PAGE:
Operator

Our next question comes from Bill Warmington from Raymond James. Please go ahead.

William Warmington – Raymond James

A question for you, if you could update us with respect to the volume of cross-border institutional mandates in the U.S. you’re seeing and how your success rate is trending there?

Henry A. Fernandez

We don’t specifically track on a quantitative basis or frequent basis. The amount of cross-border investments per se in institutional landscape when we do look at the data there are two, three things that are very clear. And that is despite the volatility in emerging markets the allocation of pension fund money to emerging markets continues unabated.

Even at times when people thought that the emerging markets were inflated because people make strategic asset allocations to asset classes and it’s very hard for them to time it, so they do whenever they feel that they need to make the strategic reallocation of assets, right. So we see that continues unabated.

Secondly, they continues to be a trend for looking at the equity investment processes of this asset owners on a global basis, not on a U.S. versus developed markets versus emerging markets versus global small cap basis. And therefore in the past, we’ve talked a lot about the increasing number of institutional clients for us in the United States that are adopting our ACWI, an ACWI IMI benchmarks without any biases of emerging or developed or domestic or international and like that continues on a healthy clip.

The benefit of that is that eventually the asset manager that is managing those assets for the asset owner is going to come back to us for more data regarding all of that including more domestic U.S. indices on the part of MSCI, which is in the past hasn’t been our (inaudible) in the U.S. market. For more emerging market data, for more and clearly more global small cap data, so that’s another trend.

So I think the way I would place it to you in the institutional part of our business, not the retail, but institutional part of our business that I just don’t see any slowdown or aggression on the pace of globalization of people’s portfolios especially the allocation to emerging markets.

Operator

Our next question comes from Suzi Stein with Morgan Stanley. Please go ahead with your question.

Suzanne Stein – Morgan Stanley

Hi, can you talk in general about the adoption of portfolio analytics over the past few years and your expectation on how that continues to play out? Have you converted customers that were more inclined to buy the products to begin with? So future sales could be more challenging or do you think the opportunity is still abundant?

David M. Obstler

I think Suzi, in the last 12 months, the story of the Barra business has been one relatively high levels of retention compared to 2010. A lot of that was fairly active dialog with our clients as to the roadmap of our analytics product, our software and our new models and description of what we’re trying to achieve.

There’s been a lot of thought in leadership in the form of research seminars and a lot of sort of advise so to speak, not advise, but a lot of description of what we’re doing in our models and the like and the impacts of our models in the way they’re managing their portfolios and so on and so forth. So that has helped on the retention.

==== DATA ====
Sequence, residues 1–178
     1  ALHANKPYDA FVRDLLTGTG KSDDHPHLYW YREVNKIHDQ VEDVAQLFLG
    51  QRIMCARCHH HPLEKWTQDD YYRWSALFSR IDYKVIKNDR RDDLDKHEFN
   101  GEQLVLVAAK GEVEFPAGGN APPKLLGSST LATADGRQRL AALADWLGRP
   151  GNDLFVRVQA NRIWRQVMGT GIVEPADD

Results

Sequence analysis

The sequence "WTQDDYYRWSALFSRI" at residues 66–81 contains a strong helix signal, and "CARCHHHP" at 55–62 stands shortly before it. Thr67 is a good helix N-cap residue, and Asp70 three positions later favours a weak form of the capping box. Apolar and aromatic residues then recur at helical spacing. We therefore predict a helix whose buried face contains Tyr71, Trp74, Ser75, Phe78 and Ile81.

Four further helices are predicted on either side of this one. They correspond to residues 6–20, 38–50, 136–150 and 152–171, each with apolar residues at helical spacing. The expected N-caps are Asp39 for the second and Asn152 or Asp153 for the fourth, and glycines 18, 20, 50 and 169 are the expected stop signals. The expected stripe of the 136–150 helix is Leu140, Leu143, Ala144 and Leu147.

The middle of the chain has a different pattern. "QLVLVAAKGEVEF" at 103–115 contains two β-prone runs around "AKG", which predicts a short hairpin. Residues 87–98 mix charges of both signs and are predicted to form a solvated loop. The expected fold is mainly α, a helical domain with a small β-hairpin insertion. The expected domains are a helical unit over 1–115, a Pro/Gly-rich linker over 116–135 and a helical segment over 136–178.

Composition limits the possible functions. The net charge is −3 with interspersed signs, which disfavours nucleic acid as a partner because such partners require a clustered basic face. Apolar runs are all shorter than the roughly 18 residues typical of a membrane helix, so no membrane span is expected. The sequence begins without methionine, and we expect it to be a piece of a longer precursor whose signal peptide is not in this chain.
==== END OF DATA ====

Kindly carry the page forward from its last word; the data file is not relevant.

The sales have remained at a good level, so that’s been good news in 2011, compared to 2010. But they haven’t accelerated quite dramatically either. So the net new has been very high, because of the drop of the significant decline in cancels.

So we have, I think as I mentioned 3% growth in run rate. We expect that continue to remain steady or accelerate with a launch of a lot of new products. So a lot of the money we’re making currently at the incremental sales, we’re making our own models.

And the benefits of BPM have not been fully flushed out on our sales, because obviously the first release of BPM was a good release, but it was for risk analysis. We’re now – I think this month in February, we are doing a major release of BPM that is going to include quite a lot of new functionality. And then we’re going to do another release towards the end of the year. So therefore, on the software side that’s going to help us increase the base of sales in that market.

So the opportunity continues to be good. We believe that the overall market opportunity for Index and risk management analytics is much larger than for equity portfolio analytics. But we’re hoping that this business can go back to more pre-‘07 growth rates that we’ve enjoyed in the past.

Operator

I’m not showing any other questions in the queue. I’d like to turn it back over to Mr. Fernandez for closing comments.

Henry A. Fernandez

Well, thank you very much everyone for joining us. And I will be more than happy to take individual questions from anybody if you so this hour. Thank you.

Operator

Thank you ladies and gentlemen. Thank you for your participation in today’s conference. This does conclude the conference. You may now disconnect. Good day.